Cloud Spanner Point-In-Time-Recovery: Restoring a Dropped Table

tl;dr Cloud Spanner introduced point-in-time-recovery (PITR) as a supported database feature. This blog demonstrates how to recover a dropped table using PITR using gcloud commands.

Point-in-time-recovery

PITR allows you to recover data at a point in time in the past. Cloud Spanner enables you to configure the data (and schema) retention period — up to 7 days.

If you enable 7 days of retention you can query up to 7 days in the past using stale reads. This enables you to recover part of the database or the whole database for up to 7 days. In order to execute a stale query you need to know the timestamp at which you need to query the data in order to retrieve the correct state.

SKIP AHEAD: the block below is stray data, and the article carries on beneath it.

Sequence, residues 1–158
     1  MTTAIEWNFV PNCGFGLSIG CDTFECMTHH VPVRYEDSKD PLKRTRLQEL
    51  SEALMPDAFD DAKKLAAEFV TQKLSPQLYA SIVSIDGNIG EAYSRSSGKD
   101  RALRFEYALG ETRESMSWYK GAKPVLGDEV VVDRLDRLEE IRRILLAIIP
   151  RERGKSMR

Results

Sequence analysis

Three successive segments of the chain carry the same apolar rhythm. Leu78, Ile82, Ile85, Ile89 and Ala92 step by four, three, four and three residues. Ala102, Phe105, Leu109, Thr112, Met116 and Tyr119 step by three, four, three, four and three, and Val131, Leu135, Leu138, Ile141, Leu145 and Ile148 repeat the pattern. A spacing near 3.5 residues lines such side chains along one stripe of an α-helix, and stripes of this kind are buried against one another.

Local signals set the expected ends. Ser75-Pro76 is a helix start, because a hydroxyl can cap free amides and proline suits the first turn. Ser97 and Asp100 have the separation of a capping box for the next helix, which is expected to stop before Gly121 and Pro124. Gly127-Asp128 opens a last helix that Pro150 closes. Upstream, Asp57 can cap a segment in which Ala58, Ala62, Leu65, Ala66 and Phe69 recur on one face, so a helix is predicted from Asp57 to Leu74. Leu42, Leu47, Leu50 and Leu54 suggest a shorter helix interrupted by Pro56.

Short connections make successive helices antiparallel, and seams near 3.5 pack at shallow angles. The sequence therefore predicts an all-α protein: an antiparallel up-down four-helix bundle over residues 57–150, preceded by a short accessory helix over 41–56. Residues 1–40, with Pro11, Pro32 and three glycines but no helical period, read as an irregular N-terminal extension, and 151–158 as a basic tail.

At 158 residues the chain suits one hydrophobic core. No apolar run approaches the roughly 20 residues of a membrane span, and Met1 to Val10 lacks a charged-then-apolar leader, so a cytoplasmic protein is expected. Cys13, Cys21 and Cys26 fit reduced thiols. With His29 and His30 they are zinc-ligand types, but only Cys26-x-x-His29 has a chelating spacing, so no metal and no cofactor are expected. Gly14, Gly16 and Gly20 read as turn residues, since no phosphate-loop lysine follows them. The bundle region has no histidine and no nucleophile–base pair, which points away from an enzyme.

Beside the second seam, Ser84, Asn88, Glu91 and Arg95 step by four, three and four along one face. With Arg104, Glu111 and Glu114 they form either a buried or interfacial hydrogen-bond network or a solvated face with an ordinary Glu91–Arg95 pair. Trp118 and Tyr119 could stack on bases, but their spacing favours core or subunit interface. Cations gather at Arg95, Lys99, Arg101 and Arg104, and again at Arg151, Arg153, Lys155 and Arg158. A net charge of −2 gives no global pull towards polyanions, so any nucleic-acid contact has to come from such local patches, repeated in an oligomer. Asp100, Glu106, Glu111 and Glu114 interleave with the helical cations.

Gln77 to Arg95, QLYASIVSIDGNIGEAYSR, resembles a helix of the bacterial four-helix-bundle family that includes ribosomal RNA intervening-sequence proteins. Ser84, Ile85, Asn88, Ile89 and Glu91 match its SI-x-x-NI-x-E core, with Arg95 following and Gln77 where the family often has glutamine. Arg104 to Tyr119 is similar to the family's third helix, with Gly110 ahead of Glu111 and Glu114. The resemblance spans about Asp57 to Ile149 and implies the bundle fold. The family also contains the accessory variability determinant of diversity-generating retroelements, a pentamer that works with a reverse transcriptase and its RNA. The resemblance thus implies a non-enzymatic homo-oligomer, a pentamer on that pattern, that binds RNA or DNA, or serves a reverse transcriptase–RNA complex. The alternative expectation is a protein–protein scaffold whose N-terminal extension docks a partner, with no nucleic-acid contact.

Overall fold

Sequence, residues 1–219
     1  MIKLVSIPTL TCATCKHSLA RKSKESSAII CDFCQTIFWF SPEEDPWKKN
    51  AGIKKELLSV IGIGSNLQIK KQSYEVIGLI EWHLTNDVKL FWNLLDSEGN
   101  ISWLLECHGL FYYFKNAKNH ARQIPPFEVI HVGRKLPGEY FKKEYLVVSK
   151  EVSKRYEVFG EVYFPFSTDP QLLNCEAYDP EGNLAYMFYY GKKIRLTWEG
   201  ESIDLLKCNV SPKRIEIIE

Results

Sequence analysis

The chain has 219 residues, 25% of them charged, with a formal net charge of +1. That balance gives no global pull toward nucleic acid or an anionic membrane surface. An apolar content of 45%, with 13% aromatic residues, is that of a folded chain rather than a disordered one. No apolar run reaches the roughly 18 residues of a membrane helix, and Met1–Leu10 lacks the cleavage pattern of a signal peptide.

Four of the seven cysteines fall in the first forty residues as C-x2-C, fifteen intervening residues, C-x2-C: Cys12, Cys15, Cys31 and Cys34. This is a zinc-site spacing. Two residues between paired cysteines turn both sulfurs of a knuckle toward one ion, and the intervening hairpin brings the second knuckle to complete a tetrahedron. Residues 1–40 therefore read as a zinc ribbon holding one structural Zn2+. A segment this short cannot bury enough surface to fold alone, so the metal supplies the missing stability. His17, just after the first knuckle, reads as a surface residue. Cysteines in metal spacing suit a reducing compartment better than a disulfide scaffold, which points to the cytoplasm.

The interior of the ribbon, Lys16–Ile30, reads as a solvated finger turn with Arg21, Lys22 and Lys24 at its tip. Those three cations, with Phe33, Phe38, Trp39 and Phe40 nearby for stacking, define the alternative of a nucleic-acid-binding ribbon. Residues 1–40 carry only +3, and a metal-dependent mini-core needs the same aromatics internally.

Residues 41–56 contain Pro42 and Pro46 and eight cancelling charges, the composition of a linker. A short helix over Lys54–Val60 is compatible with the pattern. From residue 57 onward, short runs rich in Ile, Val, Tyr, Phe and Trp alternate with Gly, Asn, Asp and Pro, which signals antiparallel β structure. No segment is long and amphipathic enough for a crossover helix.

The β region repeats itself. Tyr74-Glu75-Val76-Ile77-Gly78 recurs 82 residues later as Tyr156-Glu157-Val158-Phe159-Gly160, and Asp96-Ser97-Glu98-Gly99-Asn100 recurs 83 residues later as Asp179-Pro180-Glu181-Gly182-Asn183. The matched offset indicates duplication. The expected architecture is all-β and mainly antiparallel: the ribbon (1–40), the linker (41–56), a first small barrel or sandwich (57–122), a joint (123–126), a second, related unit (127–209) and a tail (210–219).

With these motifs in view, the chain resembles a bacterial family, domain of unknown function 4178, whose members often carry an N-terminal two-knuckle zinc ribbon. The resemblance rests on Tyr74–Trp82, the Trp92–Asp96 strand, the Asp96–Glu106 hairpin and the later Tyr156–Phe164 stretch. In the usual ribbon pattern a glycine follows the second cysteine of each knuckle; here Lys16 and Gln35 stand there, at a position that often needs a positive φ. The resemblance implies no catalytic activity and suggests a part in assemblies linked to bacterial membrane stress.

In the following a complete example is provided that allows you to recover a dropped table. It shows you all the steps in the form of an example. Afterwards best practices and next steps are discussed.

Use case: accidentally dropped table

Overview

Dropping a table and recovering it using PITR is a standard example for databases supporting PITR. In a production environment that might happen accidentally and the last consistent state of the table has to be recovered. This involves determining the time the table was dropped, and determining the time that had the latest state of the table. Once that time is determined, the table can be recovered and added to the current state of the database.

Creating schema and inserting data

The following gcloud commands establish a Cloud Spanner instance, a database and a table. If you already have a table to experiment with you can skip this section.